It is problematic when we visit food stores, specially baking stores, with all the fancy equipment and tons of ingredients we go nuts! Last time we visit one, was inevitable to buy a bag of Wilton Candy Melts just to test some prints with it!
And that is what today’s experiment is about. Printing with Wilton Candy Melts.
When you buy candy melts they come in handy packages that look like this. Normally the are used for coating, molding or others. But we wanted to test melting temperature and how fast it sets in order to know if we could try some 3d prints.
First we melt some chips, we could not find many resources,… but the internet pointed a decent melting point between 40 and 50ºC. And that was exactly what we needed. Instructions suggest the use of microwave but we went fancy and did a double boiler water bath.
Our first test were to get a sense on how fast it sets. It took almost 5minutes at room temperature (18ºC). That was not cool. But still we proceed for our first print test at really low speed hoping that would help to set the candy.
FAAAAAAAIL. Printing slowly it gives more time to set BUT, the air compressed extruder is not really reliable at low speeds and pressures. Lots of blobs.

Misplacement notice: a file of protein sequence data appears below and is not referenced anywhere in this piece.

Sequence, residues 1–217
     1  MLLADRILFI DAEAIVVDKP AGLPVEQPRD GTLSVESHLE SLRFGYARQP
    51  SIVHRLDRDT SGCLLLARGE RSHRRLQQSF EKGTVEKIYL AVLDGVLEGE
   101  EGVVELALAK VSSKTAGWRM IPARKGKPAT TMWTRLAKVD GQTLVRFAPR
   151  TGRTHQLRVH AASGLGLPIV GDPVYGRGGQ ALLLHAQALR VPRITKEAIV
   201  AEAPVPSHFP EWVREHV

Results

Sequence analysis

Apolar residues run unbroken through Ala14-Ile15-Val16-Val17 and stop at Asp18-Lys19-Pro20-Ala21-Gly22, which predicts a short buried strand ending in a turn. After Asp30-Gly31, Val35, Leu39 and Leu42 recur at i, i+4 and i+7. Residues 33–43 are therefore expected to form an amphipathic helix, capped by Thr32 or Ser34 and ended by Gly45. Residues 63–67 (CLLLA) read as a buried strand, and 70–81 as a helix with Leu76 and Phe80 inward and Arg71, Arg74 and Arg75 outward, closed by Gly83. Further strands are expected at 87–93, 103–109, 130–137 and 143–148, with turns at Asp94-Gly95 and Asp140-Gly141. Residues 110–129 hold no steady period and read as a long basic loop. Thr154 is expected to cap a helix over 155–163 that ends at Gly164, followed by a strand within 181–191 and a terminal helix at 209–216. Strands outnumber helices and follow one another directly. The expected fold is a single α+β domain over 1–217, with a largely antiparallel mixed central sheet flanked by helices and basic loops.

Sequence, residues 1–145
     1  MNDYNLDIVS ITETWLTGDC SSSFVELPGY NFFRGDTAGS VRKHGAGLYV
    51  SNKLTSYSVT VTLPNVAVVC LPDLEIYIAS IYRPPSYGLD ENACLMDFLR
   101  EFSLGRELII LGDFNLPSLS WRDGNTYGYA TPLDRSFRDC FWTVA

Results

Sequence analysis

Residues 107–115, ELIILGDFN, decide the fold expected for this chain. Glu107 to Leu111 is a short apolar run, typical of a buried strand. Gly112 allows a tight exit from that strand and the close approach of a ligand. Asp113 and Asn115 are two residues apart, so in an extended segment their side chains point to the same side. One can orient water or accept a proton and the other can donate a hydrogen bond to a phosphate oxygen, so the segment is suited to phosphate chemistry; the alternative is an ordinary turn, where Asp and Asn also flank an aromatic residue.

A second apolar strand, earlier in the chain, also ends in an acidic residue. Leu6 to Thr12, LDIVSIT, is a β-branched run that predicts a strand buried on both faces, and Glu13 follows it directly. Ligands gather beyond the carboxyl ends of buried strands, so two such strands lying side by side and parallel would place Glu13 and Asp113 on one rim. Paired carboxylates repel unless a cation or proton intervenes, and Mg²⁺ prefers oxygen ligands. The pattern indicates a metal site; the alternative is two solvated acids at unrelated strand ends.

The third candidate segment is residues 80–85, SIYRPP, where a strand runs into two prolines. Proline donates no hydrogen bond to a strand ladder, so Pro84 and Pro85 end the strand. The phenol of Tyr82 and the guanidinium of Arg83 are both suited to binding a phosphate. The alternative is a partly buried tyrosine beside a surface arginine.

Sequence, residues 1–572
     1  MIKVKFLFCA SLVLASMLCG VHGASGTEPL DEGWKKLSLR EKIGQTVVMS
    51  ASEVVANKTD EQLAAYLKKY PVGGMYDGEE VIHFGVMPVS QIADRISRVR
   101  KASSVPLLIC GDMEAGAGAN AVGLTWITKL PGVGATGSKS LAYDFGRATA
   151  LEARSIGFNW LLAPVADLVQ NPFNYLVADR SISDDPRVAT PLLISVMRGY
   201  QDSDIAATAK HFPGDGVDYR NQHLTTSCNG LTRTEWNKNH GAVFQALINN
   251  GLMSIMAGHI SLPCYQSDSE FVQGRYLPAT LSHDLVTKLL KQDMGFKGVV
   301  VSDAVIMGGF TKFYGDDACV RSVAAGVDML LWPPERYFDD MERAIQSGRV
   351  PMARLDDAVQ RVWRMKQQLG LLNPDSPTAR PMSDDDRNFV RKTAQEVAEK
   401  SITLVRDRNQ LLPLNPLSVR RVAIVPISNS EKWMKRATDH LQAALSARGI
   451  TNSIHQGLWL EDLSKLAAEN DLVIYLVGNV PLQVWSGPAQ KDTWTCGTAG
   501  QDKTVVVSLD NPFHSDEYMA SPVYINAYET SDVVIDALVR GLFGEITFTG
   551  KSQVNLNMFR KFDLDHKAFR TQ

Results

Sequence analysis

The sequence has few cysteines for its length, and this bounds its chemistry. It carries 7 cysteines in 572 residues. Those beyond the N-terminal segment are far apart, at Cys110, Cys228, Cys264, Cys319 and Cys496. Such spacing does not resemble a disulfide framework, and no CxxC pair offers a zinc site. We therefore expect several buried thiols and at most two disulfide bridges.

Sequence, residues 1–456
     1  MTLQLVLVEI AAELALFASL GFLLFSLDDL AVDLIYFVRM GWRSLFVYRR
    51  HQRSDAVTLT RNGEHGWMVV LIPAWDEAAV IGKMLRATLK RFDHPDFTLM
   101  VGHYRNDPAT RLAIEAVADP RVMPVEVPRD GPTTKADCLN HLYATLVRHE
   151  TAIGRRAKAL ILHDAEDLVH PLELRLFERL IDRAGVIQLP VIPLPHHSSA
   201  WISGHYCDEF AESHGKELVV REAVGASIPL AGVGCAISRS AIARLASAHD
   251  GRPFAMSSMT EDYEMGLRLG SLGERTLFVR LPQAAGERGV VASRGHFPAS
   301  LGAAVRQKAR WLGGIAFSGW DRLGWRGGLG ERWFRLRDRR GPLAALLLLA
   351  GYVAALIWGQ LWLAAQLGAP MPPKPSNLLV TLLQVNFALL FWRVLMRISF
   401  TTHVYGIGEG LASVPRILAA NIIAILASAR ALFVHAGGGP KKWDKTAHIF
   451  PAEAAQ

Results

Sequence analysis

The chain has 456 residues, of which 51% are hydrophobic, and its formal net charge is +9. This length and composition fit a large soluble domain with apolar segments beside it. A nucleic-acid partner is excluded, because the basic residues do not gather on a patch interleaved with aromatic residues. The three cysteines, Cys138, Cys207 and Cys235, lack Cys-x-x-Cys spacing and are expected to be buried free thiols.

Second test was at 35mm/s.
For this one the definition was better, due to the air compressed extruder works better at this ratio (speed/pressure). But the issue was that the candy had no time to set, so we needed a couple of tries (and let the print to rest for some minutes before moving it) otherwise it collapsed.
So it is winter and we needed a better cooling system…so… we used our window!
We got a drop of 5 degrees between the window and the outside. But results were more or less the same. Window prints:
This was a fun one-day-experiment. As always, the biggest challenge is to find a proper way to manage heat transfer and evacuation. Not sure if candy melt is the healthiest thing on earth, but has plenty of colors to play with. So definitely once we fix the cooling issue we will give it another try!